The globe, rendered in shades of green and brown, was perhaps a foot and a half in diameter and hinged, very much like one of those liquor cabinet parlor tricks. It would separate at the equator and become two parts of a sphere, one half stationary, one half lid. When opened, it revealed one of Litha’s two most prized treasures, a concave, black glass scrying plate the same diameter as the globe’s equator. The dragon stand had been built so that, when standing barefoot, the scrying plate was at exactly the same height as Litha’s navel.

She reached out and lovingly ran her hand over the dragon’s head as if he was a living pet. Sometime during the past two thousand years, his eyes, had been replaced with black glass. The candle flames and rainbow prism danced together in his eyes, making them seem so intelligent and lifelike that it was easy to imagine him as a familiar.

Litha pulled her red robe closer as she paid homage to the Spirits of the Four Winds, whom she would be summoning to assist with Locating Magicks. Real witches were risk takers, came with the territory. Even so, few witches would have dared wear red when practicing the magickal arts because the color red possessed powerful attraction properties. That meant red can be a shortcut in summoning, but that it also attracted the bad as well the good. Litha came from a rich history of witch ancestors who tended to act according to a philosophy of “great gambles bring great rewards” and at some point, it had become part of the family’s genetic legacy. It was partly natural to her and partly logical since Litha knew she was powerful, or practiced, enough to hold a sufficient protection barrier while admitting friendlier Powers of Assistance and accepting their help.

The witch took up a large purple candle and began circling the globe in the center of the room in a clockwise direction. She carefully counted nine revolutions as she sang an old medieval melody with lyrics written and substituted by the witch herself. Her singing voice was quite pleasant although the quality of performance would have no bearing on outcome. The melody was not more magickal because it was medieval. It was simply a useful hook on which to hang the quatrains she had quickly, but specifically composed for chanting, which would be crucial to outcome. She wrote the four-line rhymes in her head while she was bathing and now repeated them in magickal form while she raised energy by stirring the atmosphere into the equivalent of a small whirlwind.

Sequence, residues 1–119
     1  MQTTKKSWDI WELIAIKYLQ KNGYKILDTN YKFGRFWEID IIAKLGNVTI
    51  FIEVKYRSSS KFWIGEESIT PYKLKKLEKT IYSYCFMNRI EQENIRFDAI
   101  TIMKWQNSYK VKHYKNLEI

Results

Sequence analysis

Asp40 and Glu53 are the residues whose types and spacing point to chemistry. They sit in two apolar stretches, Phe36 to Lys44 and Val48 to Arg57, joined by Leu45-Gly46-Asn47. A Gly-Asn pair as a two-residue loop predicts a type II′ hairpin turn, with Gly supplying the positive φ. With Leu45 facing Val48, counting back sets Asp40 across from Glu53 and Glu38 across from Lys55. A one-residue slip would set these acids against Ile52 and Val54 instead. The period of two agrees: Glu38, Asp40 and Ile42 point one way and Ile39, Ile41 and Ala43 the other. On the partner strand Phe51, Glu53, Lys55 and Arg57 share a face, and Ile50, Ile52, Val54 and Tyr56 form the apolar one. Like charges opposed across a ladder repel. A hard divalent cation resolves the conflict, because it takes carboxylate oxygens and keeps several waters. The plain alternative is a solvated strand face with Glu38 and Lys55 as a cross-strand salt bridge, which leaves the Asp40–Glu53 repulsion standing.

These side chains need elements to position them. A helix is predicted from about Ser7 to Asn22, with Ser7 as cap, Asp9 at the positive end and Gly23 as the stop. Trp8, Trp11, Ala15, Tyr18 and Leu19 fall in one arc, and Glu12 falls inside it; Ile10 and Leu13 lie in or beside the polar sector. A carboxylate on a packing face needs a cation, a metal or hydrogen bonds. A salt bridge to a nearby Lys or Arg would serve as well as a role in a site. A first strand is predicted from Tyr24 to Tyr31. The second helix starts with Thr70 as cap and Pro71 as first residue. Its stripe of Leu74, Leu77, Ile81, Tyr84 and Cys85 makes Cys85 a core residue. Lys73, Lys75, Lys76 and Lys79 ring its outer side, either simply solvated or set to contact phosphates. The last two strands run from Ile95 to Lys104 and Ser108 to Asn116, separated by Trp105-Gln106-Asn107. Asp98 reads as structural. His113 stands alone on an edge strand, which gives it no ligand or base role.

After completing nine circles and chants, Litha used the flame of the purple candle to light a large white candle with three wicks. She then sprinkled a mixture of Dragon’s Blood resin, Solomon’s Seal, white sage, and crystalline salt directly onto the candle’s flames. When the herbs caught fire, she invited into the circle those who could be of service whether spirits, guides, or elementals, with the caveat that they were welcome so long as they wished her well and would not prove to be a lot of trouble later on.

When she was satisfied that conditions were optimum, she opened the globe. She always felt a rush of satisfaction upon viewing the gleaming surface with alphabetical, numerical, alchemical, and Theban script symbols etched on its surface in circular patterns. Taking hold of the pendant necklace that she always wore, she pulled downward to remove the outer cover, which was a crystal with planed edges forming a heptagon. No one would guess that the crystal was a cover disguising a pendulum of black opal, perfectly weighted for scrying, encased in a Celtic knot filigree of white gold matching the necklace chain.